A CHARITY is set to have its work recognised by academics on the other side of the world.
The East Durham Trust’s CREE Men’s Shed Project will have a section devoted to it in a book on men’s mental health by Australian Professor Barry Golding.
Men’s Shed is an established movement in Australia, based on providing men with meaningful activity who might otherwise be socially excluded.
Trust chief executive Malcolm Fallow said: “Australia leads the way in this branch of social inclusion and mental wellbeing so it’s a real achievement for the work in our part of the world to be recognised this way – I guess it’s a bit like selling sushi to the Japanese. This is welcome recognition for the staff and volunteers who have worked so hard over the years and I would pay particular tribute to the public health staff who saw the potential of this kind of work in the first place.”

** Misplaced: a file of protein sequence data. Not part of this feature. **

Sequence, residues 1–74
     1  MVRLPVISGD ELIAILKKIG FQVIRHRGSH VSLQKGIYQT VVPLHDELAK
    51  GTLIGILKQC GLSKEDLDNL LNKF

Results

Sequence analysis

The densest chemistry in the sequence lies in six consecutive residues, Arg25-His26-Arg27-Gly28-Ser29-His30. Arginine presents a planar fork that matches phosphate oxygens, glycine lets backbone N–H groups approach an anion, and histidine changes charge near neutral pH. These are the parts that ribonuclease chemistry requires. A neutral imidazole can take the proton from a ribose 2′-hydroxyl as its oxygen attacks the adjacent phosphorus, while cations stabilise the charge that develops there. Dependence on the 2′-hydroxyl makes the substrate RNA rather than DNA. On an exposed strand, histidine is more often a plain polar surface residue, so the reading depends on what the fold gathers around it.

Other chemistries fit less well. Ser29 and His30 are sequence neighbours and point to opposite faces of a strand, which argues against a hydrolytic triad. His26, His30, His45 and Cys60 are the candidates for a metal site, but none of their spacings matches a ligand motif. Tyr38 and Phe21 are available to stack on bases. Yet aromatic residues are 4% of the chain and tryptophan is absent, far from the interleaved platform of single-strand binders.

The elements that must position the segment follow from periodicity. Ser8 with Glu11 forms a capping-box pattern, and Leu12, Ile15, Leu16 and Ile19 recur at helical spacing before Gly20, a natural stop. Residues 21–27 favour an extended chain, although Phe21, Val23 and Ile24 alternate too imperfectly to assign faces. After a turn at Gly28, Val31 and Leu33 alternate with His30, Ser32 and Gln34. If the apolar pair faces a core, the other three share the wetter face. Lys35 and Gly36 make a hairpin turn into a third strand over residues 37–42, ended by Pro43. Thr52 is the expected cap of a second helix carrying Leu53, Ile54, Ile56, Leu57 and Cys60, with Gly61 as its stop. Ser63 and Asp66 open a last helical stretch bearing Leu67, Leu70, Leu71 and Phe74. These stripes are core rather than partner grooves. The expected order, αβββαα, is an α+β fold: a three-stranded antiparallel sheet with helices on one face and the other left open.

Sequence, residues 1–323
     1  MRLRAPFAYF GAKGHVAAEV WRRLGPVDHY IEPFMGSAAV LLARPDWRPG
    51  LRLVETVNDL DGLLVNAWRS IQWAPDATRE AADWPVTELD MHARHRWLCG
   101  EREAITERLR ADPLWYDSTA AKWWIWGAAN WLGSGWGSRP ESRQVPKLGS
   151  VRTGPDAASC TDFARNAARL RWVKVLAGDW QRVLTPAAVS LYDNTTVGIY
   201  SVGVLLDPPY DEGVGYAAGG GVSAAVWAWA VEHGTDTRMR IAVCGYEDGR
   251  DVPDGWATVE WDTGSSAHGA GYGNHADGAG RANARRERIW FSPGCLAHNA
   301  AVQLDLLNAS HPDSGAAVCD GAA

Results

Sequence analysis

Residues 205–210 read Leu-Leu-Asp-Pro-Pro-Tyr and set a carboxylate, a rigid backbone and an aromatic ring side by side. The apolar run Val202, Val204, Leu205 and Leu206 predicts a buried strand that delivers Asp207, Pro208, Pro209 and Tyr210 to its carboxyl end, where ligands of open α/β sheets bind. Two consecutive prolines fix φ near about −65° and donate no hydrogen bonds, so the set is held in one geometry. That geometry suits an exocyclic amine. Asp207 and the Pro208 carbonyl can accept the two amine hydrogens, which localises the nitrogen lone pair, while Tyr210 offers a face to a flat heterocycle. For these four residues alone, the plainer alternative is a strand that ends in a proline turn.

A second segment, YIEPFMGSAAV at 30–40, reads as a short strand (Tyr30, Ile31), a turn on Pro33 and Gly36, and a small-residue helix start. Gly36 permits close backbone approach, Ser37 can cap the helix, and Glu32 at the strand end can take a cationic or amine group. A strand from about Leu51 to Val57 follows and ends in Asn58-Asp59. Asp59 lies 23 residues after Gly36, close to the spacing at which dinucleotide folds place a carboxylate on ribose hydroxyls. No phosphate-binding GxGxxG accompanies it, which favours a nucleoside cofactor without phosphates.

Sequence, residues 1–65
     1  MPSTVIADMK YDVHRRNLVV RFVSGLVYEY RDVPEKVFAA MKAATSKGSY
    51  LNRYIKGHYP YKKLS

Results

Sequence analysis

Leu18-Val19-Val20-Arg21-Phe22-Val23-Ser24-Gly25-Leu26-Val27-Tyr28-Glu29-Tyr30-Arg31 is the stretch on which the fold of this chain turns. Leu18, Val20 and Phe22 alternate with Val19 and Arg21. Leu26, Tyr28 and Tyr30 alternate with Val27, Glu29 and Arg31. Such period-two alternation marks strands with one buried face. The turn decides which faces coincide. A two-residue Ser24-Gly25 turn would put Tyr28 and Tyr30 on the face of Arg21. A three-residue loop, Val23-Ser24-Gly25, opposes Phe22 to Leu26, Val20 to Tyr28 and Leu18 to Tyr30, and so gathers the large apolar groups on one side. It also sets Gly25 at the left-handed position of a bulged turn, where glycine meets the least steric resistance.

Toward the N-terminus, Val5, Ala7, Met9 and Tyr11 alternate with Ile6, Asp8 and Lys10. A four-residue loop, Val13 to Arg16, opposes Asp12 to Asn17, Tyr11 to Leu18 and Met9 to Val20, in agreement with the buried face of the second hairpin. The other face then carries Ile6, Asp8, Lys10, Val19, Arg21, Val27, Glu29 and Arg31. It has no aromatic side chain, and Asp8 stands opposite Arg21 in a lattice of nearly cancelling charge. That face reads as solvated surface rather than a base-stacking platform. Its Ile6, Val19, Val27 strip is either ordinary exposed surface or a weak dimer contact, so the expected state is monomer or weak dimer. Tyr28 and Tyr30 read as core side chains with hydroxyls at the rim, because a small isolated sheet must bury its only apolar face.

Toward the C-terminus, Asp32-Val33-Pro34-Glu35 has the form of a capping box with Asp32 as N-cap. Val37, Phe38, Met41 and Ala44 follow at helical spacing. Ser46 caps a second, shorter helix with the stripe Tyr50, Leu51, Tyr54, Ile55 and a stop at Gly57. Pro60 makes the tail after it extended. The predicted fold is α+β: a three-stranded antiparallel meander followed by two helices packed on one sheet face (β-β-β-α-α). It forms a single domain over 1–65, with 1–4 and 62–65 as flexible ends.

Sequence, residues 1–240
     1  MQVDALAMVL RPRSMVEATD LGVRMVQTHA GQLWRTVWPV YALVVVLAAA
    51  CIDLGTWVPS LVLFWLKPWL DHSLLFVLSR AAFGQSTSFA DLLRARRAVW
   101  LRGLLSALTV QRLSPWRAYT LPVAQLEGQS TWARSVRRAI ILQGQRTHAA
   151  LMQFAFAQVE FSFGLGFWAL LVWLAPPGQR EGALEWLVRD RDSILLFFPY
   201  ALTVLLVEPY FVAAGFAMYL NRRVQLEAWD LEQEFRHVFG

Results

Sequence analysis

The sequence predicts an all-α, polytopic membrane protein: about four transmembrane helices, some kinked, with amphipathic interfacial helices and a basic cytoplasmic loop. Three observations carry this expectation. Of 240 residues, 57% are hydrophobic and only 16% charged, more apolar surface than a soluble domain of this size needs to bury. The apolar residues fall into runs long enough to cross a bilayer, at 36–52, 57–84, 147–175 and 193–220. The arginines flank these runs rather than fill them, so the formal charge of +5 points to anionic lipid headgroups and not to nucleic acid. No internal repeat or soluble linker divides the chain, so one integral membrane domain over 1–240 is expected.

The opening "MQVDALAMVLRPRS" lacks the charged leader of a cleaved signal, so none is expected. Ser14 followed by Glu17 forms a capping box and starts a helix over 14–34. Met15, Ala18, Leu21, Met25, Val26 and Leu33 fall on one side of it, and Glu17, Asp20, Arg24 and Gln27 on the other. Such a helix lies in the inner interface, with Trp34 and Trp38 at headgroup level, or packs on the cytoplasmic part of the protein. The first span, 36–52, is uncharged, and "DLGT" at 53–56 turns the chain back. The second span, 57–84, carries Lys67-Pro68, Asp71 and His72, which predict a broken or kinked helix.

The project was started as a response to the closure of traditional industries and the loss of social facilities which has limited the contact between men.
County Durham health professionals engaged with the East Durham Trust to set up “sheds” in a selection of pit villages.
The groups get participants involved in various activities and provide a friendly atmosphere for informal discussion.
Such is the success of the sheds that they are now available to women and young people too.
The project has already gained national recognition, winning an award in London in 2013, but their influence looks set to go global.
Professor Golding’s book is called Shoulder to Shoulder: The Men’s Shed Movement and will be published in October.
For more information on the sheds visit www.eastdurhamtrust.org.uk or contact Lisa Rooks at email@example.com or call (0191) 5693511.